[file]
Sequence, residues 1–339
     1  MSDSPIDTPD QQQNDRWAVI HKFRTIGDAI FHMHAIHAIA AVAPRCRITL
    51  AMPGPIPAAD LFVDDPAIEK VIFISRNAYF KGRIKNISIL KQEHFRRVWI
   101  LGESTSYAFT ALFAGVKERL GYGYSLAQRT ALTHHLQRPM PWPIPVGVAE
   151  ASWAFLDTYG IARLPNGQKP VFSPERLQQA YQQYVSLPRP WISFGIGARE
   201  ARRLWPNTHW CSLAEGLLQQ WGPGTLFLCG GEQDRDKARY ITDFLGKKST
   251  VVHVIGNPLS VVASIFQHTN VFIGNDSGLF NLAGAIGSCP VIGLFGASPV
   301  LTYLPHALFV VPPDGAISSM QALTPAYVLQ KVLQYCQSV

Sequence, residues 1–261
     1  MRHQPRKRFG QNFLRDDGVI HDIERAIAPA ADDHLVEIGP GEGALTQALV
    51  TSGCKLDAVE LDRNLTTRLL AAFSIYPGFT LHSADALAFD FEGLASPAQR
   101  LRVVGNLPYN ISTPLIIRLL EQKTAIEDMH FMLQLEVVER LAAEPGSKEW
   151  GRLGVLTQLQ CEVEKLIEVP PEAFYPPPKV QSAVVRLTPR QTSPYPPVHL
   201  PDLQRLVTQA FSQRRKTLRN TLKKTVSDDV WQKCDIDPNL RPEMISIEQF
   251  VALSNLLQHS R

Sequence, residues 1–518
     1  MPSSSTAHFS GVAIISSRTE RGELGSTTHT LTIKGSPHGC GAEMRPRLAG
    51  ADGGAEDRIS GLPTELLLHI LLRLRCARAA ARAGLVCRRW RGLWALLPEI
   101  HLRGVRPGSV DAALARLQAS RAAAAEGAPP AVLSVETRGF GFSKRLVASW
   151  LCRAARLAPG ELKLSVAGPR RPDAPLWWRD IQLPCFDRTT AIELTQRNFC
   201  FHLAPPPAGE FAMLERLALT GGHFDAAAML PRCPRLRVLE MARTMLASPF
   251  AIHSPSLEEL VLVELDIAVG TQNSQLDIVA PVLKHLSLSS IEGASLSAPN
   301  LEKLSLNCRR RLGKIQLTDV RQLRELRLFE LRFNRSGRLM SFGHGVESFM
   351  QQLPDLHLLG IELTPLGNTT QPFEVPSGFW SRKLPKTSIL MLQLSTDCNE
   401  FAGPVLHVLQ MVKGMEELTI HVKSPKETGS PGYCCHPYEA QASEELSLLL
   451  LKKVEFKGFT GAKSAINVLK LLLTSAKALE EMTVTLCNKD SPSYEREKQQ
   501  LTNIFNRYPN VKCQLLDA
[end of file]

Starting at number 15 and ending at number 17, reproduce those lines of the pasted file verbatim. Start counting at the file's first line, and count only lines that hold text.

   251  VALSNLLQHS R

Sequence, residues 1–518
     1  MPSSSTAHFS GVAIISSRTE RGELGSTTHT LTIKGSPHGC GAEMRPRLAG